How to Draw City Street Scenes

Updated April 17, 2017

City scenes provide artists opportunities to combine complex elements of a scene together in one drawing. Depicting a bustling city scene on paper may seem overwhelming at first, but you'll soon rise to the challenge of capturing details quickly and accurately, and develop a keen eye for perspective, proportion, and detail.

Work from life, such as looking out the window of an office building or sitting at a cafe on a busy street corner. Choose an interesting area of the city scene to draw, and focus on the elements you want to stand out in your drawing.

Find your horizon line. Consider whether you are looking at your scene from eye level, worm's-eye view or bird's-eye view. An eye-level scene will have a horizon line near the centre of the drawing page. A worm's-eye view has a low horizon line, and a bird's-eye view has a high one.

Draw your background buildings in perspective. This is done by adding vanishing points on either end of your horizon line where the planes of your buildings converge. Horizontal lines facing the right side of the scene will converge to the right vanishing point, and horizontal lines facing the left side of the scene will converge to the left. Add details to your buildings such as doors, fire escapes, windows and bricks. Draw the details to fit the perspective grid of the building.

Draw your major foreground elements: streets, cars, sidewalks, trees, signs, and people, in perspective. Use comparative measurement to draw these elements in proportion to your buildings. People near the building should be around the same height, though no taller than doors on the buildings. Cars will be shorter than the average person, but twice as long as the average person. Street lamps and signs should be comparatively measured against doors and buildings. Objects closer to you will be proportionately larger.

Add small details to your city that will indicate the time period and setting. Consider the style of dress for your people, and the shape and material of the dustbins, street lamps, and mailboxes.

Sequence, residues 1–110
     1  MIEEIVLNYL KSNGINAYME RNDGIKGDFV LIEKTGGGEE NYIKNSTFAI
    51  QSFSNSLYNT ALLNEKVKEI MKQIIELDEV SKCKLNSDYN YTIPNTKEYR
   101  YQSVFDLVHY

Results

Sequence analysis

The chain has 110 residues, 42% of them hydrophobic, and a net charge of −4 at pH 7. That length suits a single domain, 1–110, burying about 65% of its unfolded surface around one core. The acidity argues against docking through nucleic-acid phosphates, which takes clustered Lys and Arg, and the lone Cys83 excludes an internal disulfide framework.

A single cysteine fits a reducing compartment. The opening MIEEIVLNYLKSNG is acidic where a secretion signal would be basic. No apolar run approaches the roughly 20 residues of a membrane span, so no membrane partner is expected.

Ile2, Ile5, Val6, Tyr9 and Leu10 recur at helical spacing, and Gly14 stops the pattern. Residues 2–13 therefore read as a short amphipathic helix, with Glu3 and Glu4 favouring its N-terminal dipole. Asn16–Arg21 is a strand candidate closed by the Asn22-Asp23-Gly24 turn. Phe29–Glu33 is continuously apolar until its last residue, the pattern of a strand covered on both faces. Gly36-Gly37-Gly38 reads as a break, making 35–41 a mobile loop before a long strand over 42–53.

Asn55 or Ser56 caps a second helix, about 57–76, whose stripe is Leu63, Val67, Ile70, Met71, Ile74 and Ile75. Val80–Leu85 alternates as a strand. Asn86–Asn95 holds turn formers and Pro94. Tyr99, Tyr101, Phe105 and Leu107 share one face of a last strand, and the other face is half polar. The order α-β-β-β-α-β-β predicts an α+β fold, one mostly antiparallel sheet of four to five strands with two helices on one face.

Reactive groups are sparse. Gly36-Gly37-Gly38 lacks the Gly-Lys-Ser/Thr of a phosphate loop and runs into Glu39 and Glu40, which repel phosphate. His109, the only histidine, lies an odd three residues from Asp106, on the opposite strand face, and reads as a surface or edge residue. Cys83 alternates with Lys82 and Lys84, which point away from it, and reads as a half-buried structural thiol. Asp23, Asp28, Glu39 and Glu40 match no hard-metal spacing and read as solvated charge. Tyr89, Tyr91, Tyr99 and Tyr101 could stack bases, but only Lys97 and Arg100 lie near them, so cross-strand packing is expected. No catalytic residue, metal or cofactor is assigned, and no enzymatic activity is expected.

Add smaller details such as pigeons, potted plants, window signs and street markings.

Consider your light source - indicate shadows on the sidewalks under pedestrians, on the street under cars, and on the shaded side of the buildings, street lamps, mailboxes and dustbins. You can also note the smaller shadows under window sills and in the grooves between bricks.

Lightly sketch the colour of different objects with your coloured pencils. Blend purples and blues into the selected hues to denote shadowed areas, and warm, light yellows to bring out highlighted areas. Blend white into the brightest spots in your city, such as window reflections and the shiny edges of cars and metal posts.


To draw elements in your scene with correct proportions, assign an exact measurement to a doorway or lamppost in your drawing. Measure objects on the same plane according to the same scale. Extend your converging horizontal lines from the objects to find the same exact measurement closer to the foreground.


Don't be overwhelmed by the complexity of the scene. Make several sketches of the same scene and focus on a few elements for each drawing. Practice drawing the scenes quickly, rather than trying to cram everything into one drawing. You can always recreate a larger, more detailed drawing later from all your sketches.

Things You'll Need

  • Graphite pencils
  • Coloured pencils
  • Drawing pad
  • Ruler
Cite this Article A tool to create a citation to reference this article Cite this Article

About the Author

Carol Kory is a freelance writer living in Nashville, Tennessee. Her articles on health and sports can be found on various websites. Kory received her Bachelor of Fine Arts from Northern Illinois University in 1999 and has worked in the entertainment, print and publishing industries for more than 10 years.